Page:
“Basically, the prosecutor is saying that Israeli government officials have violated international law and that Hamas leaders have violated international law and that those violations are serious,” Haque told Al Jazeera.

“People can argue whether the charges against Hamas leaders are better or worse (than those brought against Israeli leaders), but that is not the prosecutor’s business.”

Pressure and retaliation?

Three judges from the ICC’s pretrial chamber are now deliberating on issuing the arrest warrants.

In a statement, Human Rights Watch urged all ICC members to protect the court’s independence against “hostile pressures that are likely to increase as ICC judges consider Khan’s request.”

The United States – which is not a member of the Rome Statute, the treaty that underpins the ICC – is considering sanctions against court officials.

Three years ago, the Biden administration lifted sanctions that former President Donald Trump had imposed on former ICC chief prosecutor Fatou Bensouda and other officials.

Trump was angry that Bensouda had opened investigations into Israeli abuses in the occupied Palestinian territory and abuses by US forces in Afghanistan.

Mark Kursten, a legal expert at the University of the Fraser Valley in Vancouver, believes the United States could also try to put direct pressure on Palestinian officials.

“I think (a possible US goal) would be to get the PA (Palestinian Authority) to stop cooperating with the ICC (by getting it to stop sending evidence),” said Mark Kursten, a legal scholar at Fraser University. He valley in Vancouver.

Heidi Matthews, a legal scholar at York University in Toronto, added that the United States also has a history of pressuring its Western allies to betray their commitments to the Rome Statute.

“From a foreign policy perspective, (Khan’s decision) will put long-time supporters of the court, who are also allies of Israel… in a position where they will have to choose between continuing to support the international criminal law and justice or diplomatically protect Israel. he told Al Jazeera.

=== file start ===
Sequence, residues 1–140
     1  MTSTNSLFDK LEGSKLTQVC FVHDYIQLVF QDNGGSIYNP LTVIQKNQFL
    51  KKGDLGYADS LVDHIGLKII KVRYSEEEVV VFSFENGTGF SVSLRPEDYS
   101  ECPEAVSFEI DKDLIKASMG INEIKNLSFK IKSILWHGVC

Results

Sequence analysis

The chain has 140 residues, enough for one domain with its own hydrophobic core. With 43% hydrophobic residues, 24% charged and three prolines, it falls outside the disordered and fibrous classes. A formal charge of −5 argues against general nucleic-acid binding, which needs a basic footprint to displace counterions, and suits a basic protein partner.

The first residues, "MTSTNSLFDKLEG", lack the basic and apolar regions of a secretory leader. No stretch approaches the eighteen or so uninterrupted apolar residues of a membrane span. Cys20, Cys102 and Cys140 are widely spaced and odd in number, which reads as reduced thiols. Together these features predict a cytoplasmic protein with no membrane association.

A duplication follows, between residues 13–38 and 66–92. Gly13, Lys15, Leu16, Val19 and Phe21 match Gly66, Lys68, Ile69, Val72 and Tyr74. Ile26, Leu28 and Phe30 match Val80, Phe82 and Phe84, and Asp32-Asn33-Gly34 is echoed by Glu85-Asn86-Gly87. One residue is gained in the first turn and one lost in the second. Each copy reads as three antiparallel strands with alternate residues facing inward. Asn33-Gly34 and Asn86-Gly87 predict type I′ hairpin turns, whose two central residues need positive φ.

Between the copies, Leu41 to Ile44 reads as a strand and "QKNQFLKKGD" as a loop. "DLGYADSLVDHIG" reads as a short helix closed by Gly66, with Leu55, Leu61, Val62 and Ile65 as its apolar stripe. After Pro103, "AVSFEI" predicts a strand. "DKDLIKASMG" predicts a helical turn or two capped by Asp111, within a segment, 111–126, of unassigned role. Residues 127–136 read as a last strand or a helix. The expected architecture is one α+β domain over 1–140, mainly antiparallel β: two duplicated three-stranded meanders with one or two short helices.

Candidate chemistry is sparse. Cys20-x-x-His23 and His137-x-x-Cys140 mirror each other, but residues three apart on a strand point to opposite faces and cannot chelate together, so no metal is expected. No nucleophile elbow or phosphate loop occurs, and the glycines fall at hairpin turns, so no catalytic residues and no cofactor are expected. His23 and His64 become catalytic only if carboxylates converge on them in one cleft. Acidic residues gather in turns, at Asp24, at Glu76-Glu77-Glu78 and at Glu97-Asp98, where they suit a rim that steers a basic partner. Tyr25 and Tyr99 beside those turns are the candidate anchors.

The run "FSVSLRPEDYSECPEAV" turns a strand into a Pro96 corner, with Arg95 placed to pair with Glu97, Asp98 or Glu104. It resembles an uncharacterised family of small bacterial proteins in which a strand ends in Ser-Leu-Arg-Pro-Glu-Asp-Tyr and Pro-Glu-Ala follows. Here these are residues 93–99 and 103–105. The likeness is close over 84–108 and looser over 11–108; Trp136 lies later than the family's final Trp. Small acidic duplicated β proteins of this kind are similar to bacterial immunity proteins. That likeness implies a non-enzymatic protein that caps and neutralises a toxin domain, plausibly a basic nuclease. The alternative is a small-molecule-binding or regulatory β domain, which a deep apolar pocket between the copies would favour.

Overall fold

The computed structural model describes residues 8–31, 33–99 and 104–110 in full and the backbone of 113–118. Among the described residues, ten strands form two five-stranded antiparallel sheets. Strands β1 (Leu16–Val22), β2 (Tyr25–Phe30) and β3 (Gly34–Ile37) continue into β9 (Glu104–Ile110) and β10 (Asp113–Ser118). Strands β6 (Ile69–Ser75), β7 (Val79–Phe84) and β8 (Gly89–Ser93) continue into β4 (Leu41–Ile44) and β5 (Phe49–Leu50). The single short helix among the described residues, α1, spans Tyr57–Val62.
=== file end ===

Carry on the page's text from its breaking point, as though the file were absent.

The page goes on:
‘I lost my whole life’

Local human rights groups welcomed Khan’s move as a first step in seeking justice for Palestinians in Gaza, including those who were killed long before October 7.

A source at the Gaza-based Al Mezan Human Rights Center, who requested anonymity for fear of reprisals from Israel, referred to Israel’s killing of 1,462 Palestinian civilians in 51 days in its 2014 war against Gaza. .

An independent UN investigation found “credible allegations of war crimes committed by Israel and Palestinian armed groups” in that war.

Four years later, Israeli troops also shot and killed unarmed Palestinian protesters in Gaza who gathered along the fence with Israel as part of the Great March of Return protests.

“We believe that the (ICC) arrest warrants can have a deterrent effect,” the Al Mezan Center source told Al Jazeera.

Abu Shaban, who is now in Qatar, added that the perceptible shift in global public opinion away from Israel indicates that justice is within our reach despite pressure from the United States and Israel.

“The (ICC) decision to seek court orders means that there are more people seeking to hold Israel accountable for the atrocities it commits. If these efforts continue, they will eventually lead to something,” he told Al Jazeera.

Additionally, Abu Shaban said he deserves justice for his brother and for the anguish that Israel’s occupation and siege of Gaza has caused so many Palestinians.

“I grew up under intifadas, invasions, (communication) cuts and humiliations at (Israeli-controlled) crossings,” he said. “I lost someone (in my family) and I lost my life.”

“I lived my whole life under Israeli occupation.”